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Home | Articles | Care of the Elderly | Immobility

Immobility

Last updated 3rd December 2020

Last updated on 6th August 2013 by Calum Murray

Assessment for All Patients

  1. Full neurological examination looking for patterns of abnormality to answer the questions ‘Where is it?’ & ‘What is it?’.
  2. Always remember to see what happens when the patient stands up, or is stood up.
  3. Routine bloods including potassium, glucose, B12, CK.
  4. Look for infection – MSU, chest x-ray and blood culture.
  5. Consider Wernicke’s encephalopathy and subdural haematoma – Rx may be life saving.
  6. Do not write ‘CNS grossly intact’ which is another way of saying you have not examined the nervous system.
  7. Look for one of the following patterns of neurological disorder. 

No Clear Cut Neurological Signs

  1. This is common – an elderly patient with pre-existing cognitive impairment gets a UTI or chest infection. Always check white cell count, CRP, SpO2, blood culture, chest x-ray and MSU. Usually responds to fluids, antibiotics for infection and physiotherapy.
  2. Review medicine chart and refer to consultant/pharmacist if there are meds to be stopped.
  3. Off legs in a patient with diabetes means hypoglycaemia until proven otherwise.
  4. Always consider subdural haematoma if patient fails to respond to above measures. 

Unilateral Extensor Plantars + Other UMN Signs

  1. Stroke most likely – Click to View Section on Management of Acute Stroke 
  2. Consider subdural haematoma particularly if history of falls and/or dilatation of opposite pupil.

Bilateral Extensor Plantars

  1. Possible cord lesion – triad of bilateral extensor plantars, sensory level and urinary retention is cord compression until proven otherwise. Consider cervical cord injury and need for rigid collar/specialist assessment if upper limb signs present.  Click to View Section on Guillain-Barré Syndrome
  2. Possible brain stem lesion – look for cranial nerve palsies, ataxia, nystagmus.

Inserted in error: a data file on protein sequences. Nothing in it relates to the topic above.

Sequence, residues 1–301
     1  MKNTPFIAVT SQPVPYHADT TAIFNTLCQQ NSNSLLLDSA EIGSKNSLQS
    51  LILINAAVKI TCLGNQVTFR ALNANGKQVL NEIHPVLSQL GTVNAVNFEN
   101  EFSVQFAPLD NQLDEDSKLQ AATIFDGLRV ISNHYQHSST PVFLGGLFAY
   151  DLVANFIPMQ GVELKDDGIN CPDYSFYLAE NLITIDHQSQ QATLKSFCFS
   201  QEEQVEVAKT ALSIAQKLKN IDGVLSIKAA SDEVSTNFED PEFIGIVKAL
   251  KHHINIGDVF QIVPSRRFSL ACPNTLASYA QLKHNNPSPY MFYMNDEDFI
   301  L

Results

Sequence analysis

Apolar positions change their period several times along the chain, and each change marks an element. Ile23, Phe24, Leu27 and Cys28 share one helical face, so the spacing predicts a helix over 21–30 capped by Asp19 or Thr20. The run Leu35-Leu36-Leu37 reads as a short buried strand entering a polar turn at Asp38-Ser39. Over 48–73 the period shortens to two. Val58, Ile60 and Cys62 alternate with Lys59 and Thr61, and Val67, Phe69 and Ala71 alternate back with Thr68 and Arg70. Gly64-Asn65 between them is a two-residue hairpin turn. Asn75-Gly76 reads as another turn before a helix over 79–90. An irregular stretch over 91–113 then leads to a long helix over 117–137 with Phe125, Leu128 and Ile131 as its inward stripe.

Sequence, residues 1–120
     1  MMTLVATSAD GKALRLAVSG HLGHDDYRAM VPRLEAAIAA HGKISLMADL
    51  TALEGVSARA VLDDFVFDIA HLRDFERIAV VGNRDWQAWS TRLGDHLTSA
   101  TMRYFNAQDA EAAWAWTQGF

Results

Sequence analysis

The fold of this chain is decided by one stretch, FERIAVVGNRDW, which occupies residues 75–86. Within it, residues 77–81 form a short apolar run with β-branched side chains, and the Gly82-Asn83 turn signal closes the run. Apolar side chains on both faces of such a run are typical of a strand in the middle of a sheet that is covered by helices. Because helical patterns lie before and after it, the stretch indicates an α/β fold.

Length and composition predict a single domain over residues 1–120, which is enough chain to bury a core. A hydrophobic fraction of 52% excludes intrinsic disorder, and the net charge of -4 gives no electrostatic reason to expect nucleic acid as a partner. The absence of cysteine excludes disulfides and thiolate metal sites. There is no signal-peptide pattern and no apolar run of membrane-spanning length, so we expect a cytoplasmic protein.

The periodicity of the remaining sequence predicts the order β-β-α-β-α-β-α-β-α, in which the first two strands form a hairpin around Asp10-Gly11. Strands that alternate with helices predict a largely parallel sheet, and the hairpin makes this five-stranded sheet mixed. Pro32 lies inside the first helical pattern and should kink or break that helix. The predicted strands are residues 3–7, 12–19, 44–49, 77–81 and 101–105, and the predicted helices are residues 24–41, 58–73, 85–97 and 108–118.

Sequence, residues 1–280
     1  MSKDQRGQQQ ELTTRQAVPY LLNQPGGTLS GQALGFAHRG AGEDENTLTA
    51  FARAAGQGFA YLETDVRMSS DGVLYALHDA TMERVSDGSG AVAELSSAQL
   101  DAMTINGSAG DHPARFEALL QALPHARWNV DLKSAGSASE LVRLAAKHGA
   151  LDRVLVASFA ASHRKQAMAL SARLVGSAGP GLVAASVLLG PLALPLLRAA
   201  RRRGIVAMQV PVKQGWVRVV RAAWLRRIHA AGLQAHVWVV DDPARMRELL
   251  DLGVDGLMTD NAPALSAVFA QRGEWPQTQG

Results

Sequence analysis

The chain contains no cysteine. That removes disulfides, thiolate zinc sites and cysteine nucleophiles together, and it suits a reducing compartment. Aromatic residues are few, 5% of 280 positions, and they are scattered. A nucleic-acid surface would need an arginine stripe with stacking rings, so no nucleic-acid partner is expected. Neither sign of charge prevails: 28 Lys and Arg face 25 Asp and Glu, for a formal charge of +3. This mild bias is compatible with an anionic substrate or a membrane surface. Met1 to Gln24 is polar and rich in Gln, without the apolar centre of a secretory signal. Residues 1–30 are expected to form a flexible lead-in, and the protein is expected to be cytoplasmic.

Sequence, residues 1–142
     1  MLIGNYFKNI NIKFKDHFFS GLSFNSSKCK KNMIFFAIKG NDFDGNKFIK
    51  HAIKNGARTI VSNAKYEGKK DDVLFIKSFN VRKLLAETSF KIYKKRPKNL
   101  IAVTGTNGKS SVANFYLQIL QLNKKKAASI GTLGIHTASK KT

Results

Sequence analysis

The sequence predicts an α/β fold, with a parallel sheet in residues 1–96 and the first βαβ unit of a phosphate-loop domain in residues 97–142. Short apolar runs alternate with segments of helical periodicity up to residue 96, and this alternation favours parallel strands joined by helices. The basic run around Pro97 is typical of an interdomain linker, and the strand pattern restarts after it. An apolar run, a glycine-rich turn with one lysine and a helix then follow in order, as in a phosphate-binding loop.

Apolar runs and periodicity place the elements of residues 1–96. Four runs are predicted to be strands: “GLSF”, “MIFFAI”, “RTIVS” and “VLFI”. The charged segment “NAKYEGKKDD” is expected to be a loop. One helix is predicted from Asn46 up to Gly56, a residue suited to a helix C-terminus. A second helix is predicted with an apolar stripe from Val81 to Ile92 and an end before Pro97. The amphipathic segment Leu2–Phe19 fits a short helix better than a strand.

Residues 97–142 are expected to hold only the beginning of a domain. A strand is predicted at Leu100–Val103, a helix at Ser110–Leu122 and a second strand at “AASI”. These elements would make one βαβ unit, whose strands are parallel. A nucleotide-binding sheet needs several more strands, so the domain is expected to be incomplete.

3. Longstanding and associated with progressive brain degeneration – multi infarct dementia.

Absent Knee and Ankle Jerks  ± Sensory Loss

  1. Guillain-Barre syndrome – flaccid paralysis with absent jerks that may progress to quadriparesis and respiratory insufficiency in 48 hours in 20% of cases. Lumbar/interscapular pain commonly present at onset. May have sensory symptoms but sensory signs are usually slight. Important to check FVC and call anaesthetist if falling or less than 12 ml/kg. Differential includes botulism.
  2. Acute phase of cord lesion (see above).
  3. Polyneuropathy – if chronic.

Proximal Symmetrical Weakness With Preserved Reflexes and no Sensory Loss

  1. This is much more commonly due to a systemic problem eg acute illness or metabolic upset.
  2. Neurological diagnoses to consider are polymyositis (check CK), osteomalacia (check Vit D and bone profile) and myasthenia gravis (look for fatigueability).
  3. Alcohol can cause acute, subacute and chronic myopathy. 

Ataxia With Normal Sensory and Motor Function

  1. Wernicke’s encephalopathy – classically confusion, ophthalmoplegia with diplopia, polyneuropathy and cerebellar ataxia.
  2. Consider cerebellar disease eg infarct, haemorrhage, tumour, phenytoin or carbamazepine toxicity, alcoholism.

Pre-existing Neuro Disease, Especially Parkinson’s Disease, Multiple Sclerosis & Myasthenia Gravis

  1. Progressive disease – Parkinsons, Multiple sclerosis, myasthenia – Click to View Section on Parkinson’s Disease
  2. True exacerbation – Multiple sclerosis – Click to View Section on Multiple Sclerosis
  3. Intercurrent illness – Patients sent in with an ‘extension’ to their previous stroke often prove to have an intercurrent infection.